Okito boxes

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Bill Marquardt
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Okito boxes

Postby Bill Marquardt » October 25th, 2015, 8:25 pm

I have a small collection of Okito boxes that will likely become much larger eventually. I am wondering why some of the vintage boxes have a hole in the lid and bottom. Is there any advantage? I am familiar with a few routines, but none of them mentions a hole. I am adding one or two of these to my collection for the sake of collecting but will likely continue to use ones that I already own for performance.

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Alfred
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Re: Okito boxes

Postby Alfred » October 27th, 2015, 7:29 am

Bill Marquardt wrote:I am wondering why some of the vintage boxes have a hole in the lid and bottom. Is there any advantage? I am familiar with a few routines, but none of them mentions a hole.


Bill,

I don't know the advantages of using a drilled okito box. However, I'm aware of a routine exploiting that fact. If memory serves me well, it's called "The world's most expensive okito box routine" and can be found in John Mendoza's book "The book of John".

Hope this sheds some light into your question.
Last edited by Alfred on October 27th, 2015, 12:00 pm, edited 1 time in total.

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Re: Okito boxes

Postby Jonathan Townsend » October 27th, 2015, 7:51 am

There's a moment where you have the lid on the bottom and hold up the box that helps sell the notion of "fair". If you're doing a penetration effect it gives them something to focus on.

Later on folks put post gaffs with the box to permit a display of coins in the box as seen through the hole in the lid. IIRC they were from the 1970s with bigger holes. Eddie Gibson?
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Bill Marquardt
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Re: Okito boxes

Postby Bill Marquardt » October 27th, 2015, 10:53 am

Thanks for the tips. Since asking the question, I have found a short reference in Muhammed Bey's book. In a conclusion to his master routine he "pushes" a coin through the box with a hat pin that was used to secretly hold a small foam bunny for production. Another routine suggests patter to say the hole allows the transmuted coin to pass through the box.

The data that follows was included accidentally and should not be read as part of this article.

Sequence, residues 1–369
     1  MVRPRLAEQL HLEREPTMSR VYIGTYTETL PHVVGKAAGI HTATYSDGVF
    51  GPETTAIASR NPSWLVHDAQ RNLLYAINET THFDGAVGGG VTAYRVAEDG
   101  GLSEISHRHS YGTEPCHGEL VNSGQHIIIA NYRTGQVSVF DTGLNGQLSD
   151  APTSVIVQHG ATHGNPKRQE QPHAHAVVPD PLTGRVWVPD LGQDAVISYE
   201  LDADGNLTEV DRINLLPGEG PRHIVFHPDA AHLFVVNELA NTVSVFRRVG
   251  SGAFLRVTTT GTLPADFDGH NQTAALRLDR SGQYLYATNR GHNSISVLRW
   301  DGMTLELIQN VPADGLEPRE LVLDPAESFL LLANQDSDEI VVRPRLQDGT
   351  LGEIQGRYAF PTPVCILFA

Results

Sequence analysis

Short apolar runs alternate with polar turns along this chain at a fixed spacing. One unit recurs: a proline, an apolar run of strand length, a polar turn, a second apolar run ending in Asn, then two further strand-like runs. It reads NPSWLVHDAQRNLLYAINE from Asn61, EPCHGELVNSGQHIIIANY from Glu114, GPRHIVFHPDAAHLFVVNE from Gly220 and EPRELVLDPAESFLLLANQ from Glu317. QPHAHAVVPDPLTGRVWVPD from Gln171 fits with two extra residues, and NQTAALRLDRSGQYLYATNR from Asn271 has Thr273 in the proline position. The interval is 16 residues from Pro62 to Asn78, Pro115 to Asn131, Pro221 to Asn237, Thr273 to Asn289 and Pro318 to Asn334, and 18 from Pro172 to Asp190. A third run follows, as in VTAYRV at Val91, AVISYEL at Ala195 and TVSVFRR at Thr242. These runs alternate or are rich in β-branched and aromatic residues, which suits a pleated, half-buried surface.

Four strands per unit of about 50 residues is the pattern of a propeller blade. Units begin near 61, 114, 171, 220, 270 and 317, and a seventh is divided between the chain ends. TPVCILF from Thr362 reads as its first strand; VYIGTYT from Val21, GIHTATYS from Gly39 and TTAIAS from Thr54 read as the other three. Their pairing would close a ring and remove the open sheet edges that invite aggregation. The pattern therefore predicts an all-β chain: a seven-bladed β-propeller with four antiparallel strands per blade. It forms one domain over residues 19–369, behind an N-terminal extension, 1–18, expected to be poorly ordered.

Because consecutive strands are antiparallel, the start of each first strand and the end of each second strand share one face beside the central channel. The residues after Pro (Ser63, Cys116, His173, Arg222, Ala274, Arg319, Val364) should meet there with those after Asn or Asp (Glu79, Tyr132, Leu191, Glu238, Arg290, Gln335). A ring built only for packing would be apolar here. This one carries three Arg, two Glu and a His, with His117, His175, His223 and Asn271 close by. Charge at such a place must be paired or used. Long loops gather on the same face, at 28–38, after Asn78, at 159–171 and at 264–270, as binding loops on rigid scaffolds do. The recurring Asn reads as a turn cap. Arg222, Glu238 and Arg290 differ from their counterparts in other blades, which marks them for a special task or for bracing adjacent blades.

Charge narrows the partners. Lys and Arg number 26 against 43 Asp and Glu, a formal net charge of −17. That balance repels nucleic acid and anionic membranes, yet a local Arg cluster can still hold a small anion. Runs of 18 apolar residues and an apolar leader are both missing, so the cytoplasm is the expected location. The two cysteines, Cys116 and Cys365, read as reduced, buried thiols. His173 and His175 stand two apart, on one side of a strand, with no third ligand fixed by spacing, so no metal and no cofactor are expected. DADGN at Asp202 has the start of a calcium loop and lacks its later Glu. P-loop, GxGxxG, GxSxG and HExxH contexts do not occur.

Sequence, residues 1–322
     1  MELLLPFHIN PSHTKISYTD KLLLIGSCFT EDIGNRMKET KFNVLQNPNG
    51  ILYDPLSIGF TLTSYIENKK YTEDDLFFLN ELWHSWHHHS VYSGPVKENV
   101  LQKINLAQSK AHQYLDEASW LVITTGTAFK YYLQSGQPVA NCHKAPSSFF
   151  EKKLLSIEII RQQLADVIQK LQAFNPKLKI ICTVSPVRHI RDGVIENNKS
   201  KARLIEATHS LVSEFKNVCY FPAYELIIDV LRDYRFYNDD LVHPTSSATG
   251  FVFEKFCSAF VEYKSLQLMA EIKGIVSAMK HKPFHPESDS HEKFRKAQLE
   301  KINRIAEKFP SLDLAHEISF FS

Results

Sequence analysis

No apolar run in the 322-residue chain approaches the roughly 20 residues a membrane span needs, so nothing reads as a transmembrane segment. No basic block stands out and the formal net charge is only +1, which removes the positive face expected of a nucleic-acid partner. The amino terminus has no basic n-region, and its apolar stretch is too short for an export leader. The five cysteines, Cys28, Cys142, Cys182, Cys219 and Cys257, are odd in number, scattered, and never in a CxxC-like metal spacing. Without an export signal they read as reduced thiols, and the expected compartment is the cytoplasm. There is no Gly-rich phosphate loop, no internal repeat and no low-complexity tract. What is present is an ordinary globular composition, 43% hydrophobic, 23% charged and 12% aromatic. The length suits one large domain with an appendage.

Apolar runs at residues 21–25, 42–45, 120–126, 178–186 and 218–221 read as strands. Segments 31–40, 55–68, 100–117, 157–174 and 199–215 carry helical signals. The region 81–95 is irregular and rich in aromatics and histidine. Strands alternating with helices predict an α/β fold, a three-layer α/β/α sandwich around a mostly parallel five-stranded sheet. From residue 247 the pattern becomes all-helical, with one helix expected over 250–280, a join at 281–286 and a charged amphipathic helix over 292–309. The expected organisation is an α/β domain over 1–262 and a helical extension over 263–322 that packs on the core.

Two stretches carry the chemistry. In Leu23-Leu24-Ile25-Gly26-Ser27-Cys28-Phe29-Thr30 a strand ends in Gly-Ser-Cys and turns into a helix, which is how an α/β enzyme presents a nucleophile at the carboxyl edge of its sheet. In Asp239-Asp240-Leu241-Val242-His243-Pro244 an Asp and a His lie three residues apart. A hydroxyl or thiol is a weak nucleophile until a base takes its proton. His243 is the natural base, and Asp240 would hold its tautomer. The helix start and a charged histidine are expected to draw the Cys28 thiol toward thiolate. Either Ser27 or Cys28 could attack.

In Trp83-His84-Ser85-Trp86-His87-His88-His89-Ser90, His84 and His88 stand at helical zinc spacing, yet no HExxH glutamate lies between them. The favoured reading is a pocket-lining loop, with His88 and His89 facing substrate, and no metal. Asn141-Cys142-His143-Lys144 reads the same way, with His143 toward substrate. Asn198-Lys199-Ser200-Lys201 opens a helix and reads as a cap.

I am not sure that the holes add a great deal to the effect. A creative mind could probably come up with something. I do not own The Book of John but perhaps I can locate a copy. Someone else suggested a cigaret through coin effect.

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Re: Okito boxes

Postby Jonathan Townsend » October 27th, 2015, 12:21 pm

There was a thin four coin box with holes sized for a cigarette or pencil (and post gaffs both half dollar and chinese coin showing some half dollar )that was about right for the cig-thu-coin in box approach.

Rumor has it (and i have not yet seen the document) that there's a coin vanish from inside a coinbox using the hole as convincer and last instant view. someone's lecture notes?
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Re: Okito boxes

Postby Leonard Hevia » October 28th, 2015, 10:13 pm

I'm fond of the Milt Kort's Okito Less Box Routine. It's a gag penetration without the Okito box. The coins are stacked on the palm of your hand while you pretend they're inside an invisible Okito box.

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Re: Okito boxes

Postby Curtis Kam » October 30th, 2015, 4:07 pm

A while back, I showed my working Okito box, which had the pinhole in the lid and bottom, to a machinist. I was about to stumble through an explanation for why I wanted the hole to be there, when he said, "Oh, sure, to prevent suction". (I had already shown him the box with the lid on the bottom, since that raises all sorts of design limitations) Now, back in the day, when they first started putting the hole in the boxes, an Okito box was a loose-fitting, sloppy affair and vacuum suction between the base and the lid was not a consideration. It can be, though, with modern boxes, so there's that.

More importantly, the pinhole sized hole does serve a very important function in Dr. Sawa's box. That, alone, justifies having the little hole. The box is explained on the massive L&L set on Dr Sawa, and it's awesomely clever.

The other type of hole mentioned here, is large enough to show the contents of the box. That was marketed as a Hoo's Coin Box, and the only routine I'm aware of that utilizes that feature well is John Mendoza's. In his routine, the coin is in the box, and the box is held in "Spellbound" display position. The spectators can see the coin through the holes n the box. The performer blows on the box, however, and they "see" the coin vanish.


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Re: Okito boxes

Postby Aaron Isaacs » February 1st, 2017, 1:47 pm

Where is John Mendoza's routine published?